Tuesday, July 30, 2019

A teacher with no limits?

Henry Kissinger has noted some of the possibilities about artificial intelligence and has raised some important questions:

Some “AI projects work on modifying human thought by developing devices capable of generating a range of answers to human queries. Beyond factual questions ("What is the temperature outside?"), questions about the nature of reality or the meaning of life raise deeper issues. Do we want children to learn values through discourse with untethered algorithms? Should we protect privacy by restricting AI's learning about its questioners? If so, how do we accomplish these goals?”

Do we want children to learn values through discourse with untethered algorithms?

No. There are also things to unpack about how this question is worded.

It seems to imply children being handed over to technology to learn independent of a teacher. This can only happen as of a certain age, despite what one may think of how much 3-year-olds can get engrossed by a small screen. As long as education is formal and children still need to eat and move around physically, there will be teachers and school staff involved in their education. As for untethered algorithms, whose algorithm? Someone is writing them. Someone is paying for them. Algorithms don't just appear before students.

When it comes to algorithms and education, about what are we claiming the AI is learning? Is it learning about the educational content, the student, or both? If it's about the content, Who decides what we tell the algorithm is true or not (if we do at all)? If it's about the student, Do we set limits on when teaching strategies cross the line into manipulation of a student in situations that bear no resemblance to normal human interaction?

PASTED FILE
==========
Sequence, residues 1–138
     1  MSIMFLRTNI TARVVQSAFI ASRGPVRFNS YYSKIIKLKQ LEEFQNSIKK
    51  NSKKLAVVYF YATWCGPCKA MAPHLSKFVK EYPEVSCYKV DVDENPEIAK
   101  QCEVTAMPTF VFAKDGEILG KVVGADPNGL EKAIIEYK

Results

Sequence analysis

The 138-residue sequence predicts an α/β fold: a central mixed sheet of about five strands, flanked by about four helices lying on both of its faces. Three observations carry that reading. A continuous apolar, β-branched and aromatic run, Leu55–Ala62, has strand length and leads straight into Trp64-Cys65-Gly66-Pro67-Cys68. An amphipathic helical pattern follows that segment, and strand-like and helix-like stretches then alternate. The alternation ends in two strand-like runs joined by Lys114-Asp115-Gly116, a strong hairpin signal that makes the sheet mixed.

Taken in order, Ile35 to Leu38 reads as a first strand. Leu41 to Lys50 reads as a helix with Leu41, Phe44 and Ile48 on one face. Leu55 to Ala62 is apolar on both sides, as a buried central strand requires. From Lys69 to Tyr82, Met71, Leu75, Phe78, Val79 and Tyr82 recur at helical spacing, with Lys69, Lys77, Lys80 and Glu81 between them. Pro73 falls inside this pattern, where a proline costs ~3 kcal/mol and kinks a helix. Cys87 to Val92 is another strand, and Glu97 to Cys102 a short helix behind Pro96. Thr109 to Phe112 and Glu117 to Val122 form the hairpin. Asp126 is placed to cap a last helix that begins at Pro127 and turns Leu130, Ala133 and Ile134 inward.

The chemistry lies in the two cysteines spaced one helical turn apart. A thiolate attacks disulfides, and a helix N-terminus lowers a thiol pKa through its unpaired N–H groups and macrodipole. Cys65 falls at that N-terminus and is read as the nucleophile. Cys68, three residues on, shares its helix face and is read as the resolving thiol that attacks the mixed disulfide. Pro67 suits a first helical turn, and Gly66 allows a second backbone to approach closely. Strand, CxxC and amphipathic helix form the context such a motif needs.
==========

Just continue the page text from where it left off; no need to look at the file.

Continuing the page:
Should we protect privacy by restricting AI's learning about its questioners?

The bigger question here is, How much information about a student should AI retain? And, Is it willing to change what it learned based on new and changed information? Those questions speak to two of the bigger risks of privacy violations: security and bias.

If so, how do we accomplish these goals?

This starts with being able to recognize when technology developers are telling the truth about how the technology works. There is a widespread belief (also expressed in Kissinger's third area of special concern) that AI can get so good it cannot explain itself. It's the supposed “black box.” Sure, AI can digest more data than a human could, and the pattern may be identified from millions of tiny scattered pieces of data, but that doesn't mean it can't be taught how to explain itself in understandable terms. Watson could read every medical journal, and when it's advice surprised medical professionals, Watson had also been taught how to produce journal references to support its reasoning. Transparency is still possible.

Humility will be necessary for all involved. Conflicts of interest are still a thing, even if the algorithm supposedly has no interest at all. Moral and natural law still apply.

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